“Advent” means “coming” or “arrival.” During the season of Advent, we celebrate Christ’s coming into the world and watch with expectant hope for his coming again. In its historical origins, the season of Advent was patterned after the season of Lent, a six-week period of penitence and preparation for Easter. Similarly, the four weeks of Advent present an opportunity for communal discernment and personal examination, as the church prepares to celebrate the Nativity of the Lord and looks with hope for Christ’s return.
BETWEEN MEMORY AND HOPE
An excerpt from the Companion to the Book of Common Worship (Geneva Press, 2003, 96)
In Advent we expectantly wait for the One who has already come. We anticipate the promised justice of God’s new world, yet we praise God who raised the “righteous branch” to rule with justice and righteousness. We hope for the restoration of the afflicted, the tormented, and the grieving, yet we delight that healing has come in Christ. We long for the beating of swords into plowshares, yet we rejoice that the Prince of Peace has appeared. We yearn for the barren deserts of our inner cities to flourish, yet we laud the desert Rose that has bloomed. We dream of the land where lions and lambs live in harmony, yet we acclaim the child born to lead us into the promised land.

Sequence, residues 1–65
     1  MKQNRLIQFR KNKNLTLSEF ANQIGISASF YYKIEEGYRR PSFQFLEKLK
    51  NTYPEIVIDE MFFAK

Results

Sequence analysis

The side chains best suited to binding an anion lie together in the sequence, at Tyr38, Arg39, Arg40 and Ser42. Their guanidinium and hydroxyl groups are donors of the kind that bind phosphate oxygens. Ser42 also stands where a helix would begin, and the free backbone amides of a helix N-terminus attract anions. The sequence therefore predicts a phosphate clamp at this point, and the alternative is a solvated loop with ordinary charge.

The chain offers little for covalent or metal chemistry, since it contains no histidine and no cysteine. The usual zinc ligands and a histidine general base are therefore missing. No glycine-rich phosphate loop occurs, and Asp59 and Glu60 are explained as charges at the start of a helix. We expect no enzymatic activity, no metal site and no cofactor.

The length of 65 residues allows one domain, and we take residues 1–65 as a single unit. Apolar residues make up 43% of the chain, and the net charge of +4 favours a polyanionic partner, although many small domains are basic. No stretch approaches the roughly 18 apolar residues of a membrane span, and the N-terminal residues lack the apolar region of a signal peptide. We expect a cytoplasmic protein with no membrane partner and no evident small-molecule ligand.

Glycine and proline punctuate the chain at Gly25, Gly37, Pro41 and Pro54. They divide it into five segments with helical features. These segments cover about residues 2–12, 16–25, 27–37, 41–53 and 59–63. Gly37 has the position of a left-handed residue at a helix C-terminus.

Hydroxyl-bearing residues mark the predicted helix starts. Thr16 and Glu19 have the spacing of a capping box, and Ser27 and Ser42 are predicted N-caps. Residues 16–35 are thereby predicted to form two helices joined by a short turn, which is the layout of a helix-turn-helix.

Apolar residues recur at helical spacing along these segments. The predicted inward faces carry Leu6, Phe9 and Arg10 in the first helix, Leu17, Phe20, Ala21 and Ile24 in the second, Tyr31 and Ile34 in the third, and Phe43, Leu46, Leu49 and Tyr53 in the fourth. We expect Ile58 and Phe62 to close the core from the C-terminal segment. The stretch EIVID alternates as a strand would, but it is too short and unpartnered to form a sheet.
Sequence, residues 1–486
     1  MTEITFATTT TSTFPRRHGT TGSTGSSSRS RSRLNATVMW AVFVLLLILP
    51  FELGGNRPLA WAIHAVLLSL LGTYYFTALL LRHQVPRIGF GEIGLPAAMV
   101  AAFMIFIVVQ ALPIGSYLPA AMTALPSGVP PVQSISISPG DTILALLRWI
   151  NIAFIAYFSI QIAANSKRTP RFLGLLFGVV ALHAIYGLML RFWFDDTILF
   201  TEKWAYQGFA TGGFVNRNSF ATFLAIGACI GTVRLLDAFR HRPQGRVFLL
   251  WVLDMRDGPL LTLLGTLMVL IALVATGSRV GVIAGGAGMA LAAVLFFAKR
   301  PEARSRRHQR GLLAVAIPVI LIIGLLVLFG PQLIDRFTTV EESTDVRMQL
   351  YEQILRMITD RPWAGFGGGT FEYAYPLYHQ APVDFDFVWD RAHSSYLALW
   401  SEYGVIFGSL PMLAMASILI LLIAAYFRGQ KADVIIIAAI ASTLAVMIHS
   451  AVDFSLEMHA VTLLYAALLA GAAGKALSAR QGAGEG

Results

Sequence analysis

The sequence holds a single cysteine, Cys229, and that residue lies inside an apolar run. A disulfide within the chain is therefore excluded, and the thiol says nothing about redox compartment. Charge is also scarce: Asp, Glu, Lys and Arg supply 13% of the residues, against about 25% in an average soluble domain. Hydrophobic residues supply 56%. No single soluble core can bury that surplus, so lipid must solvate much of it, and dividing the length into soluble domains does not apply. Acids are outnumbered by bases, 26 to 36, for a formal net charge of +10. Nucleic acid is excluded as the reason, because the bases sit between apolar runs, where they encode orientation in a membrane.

Christ has come! Christ is risen! Christ will come again! In Advent, we are living between the first and the second coming of the Lord. The dialectical tension of maranatha [alternately translated “Come, our Lord!” or “Our Lord has come”] — placing us between memory and hope, past and future — may strengthen our Advent liturgies. Perhaps we need to cling to the ancient cry of maranatha! and its paradoxical meanings so we may freely embrace “the new thing” prophesied by Isaiah (Isaiah 43:19) that God is doing among us right now. The tension and paradox we find in Advent shapes our celebrations during the season.